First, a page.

By K. Nepsa

Last month, we explored the wonderful world of desert edibles.  More specifically, weeds (flowering herbs) and cacti.  What other desert delectables can we harvest from our backyards here in the Sonoran Desert?  Let’s start with a fun fact!

Fun Fact: Scientists estimate there are ~400,000 species of plants on Earth and more than half of them are thought to be edible. However, we as humans only eat about 200 species of plants.

Trees/shrubs:You might be surprised to know that the Mesquite tree has many beneficial uses.  Mesquite trees produce bean shaped pods filled with very tough seeds.  These can be ground into meal and flour.  The ground meal can be mixed with water to be eaten raw, used to thicken stews or baked into a cake.  The flour can be used to make flatbread; this is the way our ancestors used it.  The flowers on a mesquite tree can be boiled in teas.  The seeds contain a whopping 35% protein (if you can crush them) and the pods contain 25% fiber.  The pith between the pod shell and the seed is the true edible part.  All of the pod is sweeter in flavor due to the fructose content, but has a low glycemic index of 25, which can help to regulate blood sugars in the body.  Desert Oregano is a native plant that smells amazing.  Traditionally, it was used as a culinary herb to season fish and meats.  It was also used medicinally, as an anti-inflammatory and an anti-vertigo remedy.  It is currently hailed as one of the richest sources of antioxidants in the plant world. The Pinyon Pine tree has seeds, known as pine nuts, that are packed with nutrition and are also delicious. Other desert edibles include:  Hedgehog Cactus, Agave, Aloe Vera, Miner’s Lettuce, Stinging Nettle, Bushmint, Chia sage or Desert chia, Catclaw Acacia (tea), Desert Lavender (tea), Mormon tea plant (tea), Yellow Bells (tea), Brittle Bush (tea) and Tepary beans.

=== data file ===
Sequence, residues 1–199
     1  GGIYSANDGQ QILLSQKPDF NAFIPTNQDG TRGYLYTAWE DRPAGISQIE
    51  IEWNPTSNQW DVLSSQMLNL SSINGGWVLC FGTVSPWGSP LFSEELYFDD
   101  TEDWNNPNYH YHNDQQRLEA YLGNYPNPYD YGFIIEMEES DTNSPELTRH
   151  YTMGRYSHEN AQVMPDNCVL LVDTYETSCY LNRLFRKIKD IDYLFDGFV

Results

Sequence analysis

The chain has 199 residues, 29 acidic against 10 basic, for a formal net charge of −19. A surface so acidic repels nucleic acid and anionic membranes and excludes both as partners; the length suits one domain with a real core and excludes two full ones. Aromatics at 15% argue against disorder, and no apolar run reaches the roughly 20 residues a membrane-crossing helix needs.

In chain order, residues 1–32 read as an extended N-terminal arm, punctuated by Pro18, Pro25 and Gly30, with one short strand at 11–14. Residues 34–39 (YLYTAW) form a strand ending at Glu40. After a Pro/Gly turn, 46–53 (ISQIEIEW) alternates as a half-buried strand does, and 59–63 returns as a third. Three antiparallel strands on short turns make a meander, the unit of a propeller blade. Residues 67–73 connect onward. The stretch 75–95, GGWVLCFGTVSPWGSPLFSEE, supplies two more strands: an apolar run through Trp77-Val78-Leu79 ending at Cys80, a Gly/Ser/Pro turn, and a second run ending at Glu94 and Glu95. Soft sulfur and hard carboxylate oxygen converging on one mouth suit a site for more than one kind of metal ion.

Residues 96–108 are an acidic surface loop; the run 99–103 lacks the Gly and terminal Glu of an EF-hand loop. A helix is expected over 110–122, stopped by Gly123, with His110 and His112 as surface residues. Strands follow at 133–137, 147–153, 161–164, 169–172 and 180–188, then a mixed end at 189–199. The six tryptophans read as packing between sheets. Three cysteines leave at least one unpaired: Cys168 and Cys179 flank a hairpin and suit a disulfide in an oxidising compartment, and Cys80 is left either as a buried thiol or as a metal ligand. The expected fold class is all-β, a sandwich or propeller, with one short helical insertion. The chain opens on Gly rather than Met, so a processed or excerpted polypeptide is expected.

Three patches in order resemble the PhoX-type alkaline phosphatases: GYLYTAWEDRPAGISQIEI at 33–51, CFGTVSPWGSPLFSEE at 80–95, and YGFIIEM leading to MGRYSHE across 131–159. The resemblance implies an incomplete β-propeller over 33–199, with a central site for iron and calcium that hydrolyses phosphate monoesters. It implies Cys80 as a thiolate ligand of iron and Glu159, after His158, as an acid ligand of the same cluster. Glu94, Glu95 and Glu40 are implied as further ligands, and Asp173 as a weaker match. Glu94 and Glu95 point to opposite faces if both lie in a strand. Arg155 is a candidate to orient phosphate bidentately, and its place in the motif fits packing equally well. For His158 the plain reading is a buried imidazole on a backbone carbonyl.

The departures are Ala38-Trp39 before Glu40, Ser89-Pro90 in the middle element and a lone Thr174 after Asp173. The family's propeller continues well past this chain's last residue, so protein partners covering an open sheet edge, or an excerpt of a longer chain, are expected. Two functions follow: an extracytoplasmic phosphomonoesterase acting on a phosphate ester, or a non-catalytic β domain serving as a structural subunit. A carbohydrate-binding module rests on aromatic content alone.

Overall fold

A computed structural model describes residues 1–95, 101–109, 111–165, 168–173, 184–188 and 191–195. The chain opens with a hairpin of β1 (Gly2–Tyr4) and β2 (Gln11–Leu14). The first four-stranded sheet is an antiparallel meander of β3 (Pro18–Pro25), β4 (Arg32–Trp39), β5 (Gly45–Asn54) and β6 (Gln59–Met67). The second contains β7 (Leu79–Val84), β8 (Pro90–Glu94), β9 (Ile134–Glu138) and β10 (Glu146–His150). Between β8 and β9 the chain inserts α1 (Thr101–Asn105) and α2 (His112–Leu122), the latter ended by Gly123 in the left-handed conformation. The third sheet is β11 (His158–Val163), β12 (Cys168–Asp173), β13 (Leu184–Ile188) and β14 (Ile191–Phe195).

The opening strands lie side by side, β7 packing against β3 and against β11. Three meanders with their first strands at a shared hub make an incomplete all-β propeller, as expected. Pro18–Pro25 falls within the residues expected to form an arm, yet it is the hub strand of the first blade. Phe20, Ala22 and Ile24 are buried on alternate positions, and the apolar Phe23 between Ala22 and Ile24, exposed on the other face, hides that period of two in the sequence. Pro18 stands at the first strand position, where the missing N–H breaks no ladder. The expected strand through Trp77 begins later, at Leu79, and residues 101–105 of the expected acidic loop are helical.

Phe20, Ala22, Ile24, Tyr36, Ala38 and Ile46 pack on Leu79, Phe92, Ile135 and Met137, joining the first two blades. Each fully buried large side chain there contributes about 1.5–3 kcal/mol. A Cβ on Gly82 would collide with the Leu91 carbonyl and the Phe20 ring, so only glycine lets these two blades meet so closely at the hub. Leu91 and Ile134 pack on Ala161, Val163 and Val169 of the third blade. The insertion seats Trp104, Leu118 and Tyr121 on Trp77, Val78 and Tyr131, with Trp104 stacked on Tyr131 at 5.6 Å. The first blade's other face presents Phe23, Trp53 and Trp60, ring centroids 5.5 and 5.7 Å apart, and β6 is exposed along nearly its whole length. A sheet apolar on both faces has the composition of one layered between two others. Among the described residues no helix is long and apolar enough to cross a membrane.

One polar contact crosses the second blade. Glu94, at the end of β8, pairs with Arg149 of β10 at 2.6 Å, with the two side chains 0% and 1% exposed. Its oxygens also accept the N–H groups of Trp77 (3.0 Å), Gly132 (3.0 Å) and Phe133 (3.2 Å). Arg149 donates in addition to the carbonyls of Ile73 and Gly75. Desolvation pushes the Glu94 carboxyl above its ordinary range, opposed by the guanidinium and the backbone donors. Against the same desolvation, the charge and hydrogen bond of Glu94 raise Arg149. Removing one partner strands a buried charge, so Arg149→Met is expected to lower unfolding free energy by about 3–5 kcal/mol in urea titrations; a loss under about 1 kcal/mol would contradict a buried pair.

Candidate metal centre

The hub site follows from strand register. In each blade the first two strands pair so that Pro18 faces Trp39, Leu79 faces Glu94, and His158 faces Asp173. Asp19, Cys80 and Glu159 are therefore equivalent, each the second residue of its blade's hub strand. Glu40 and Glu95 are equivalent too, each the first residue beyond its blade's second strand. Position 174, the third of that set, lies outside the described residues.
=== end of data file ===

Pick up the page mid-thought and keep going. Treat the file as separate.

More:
What plants cannot be eaten?  Theresa Crouse at Survivopedia has some wise advice and instructs, “Don’t eat any plant that has a milky sap – it’s poisonous. Also, don’t eat any red beans. If possible, boil plants before you eat them and do tests on plants that you’re not sure about. Rub some on a small spot of skin. If you don’t have a reaction within 15 minutes, try rubbing it on your lips. If you don’t get a reaction in 15 minutes, put some in your mouth, again for 15 minutes. Chew it and keep it in your mouth for 15 minutes.  If you still don’t have a stinging, burning or itching sensation, swallow it and don’t eat anything else for at least 12 hours. If you don’t get sick, the plant is probably edible. This may seem like a huge process but if push comes to shove, it’s a way to test for edibility.”

Wow!  We have so many wonderful edibles right outside our front doors.  The plants in our desert have been here for ages and people have been benefitting from them for thousands of years.  We may have lost our way in this modern world regarding desert edibles, but it’s always good to know that we could survive if all was truly lost to us.

About author View all posts

Guest Author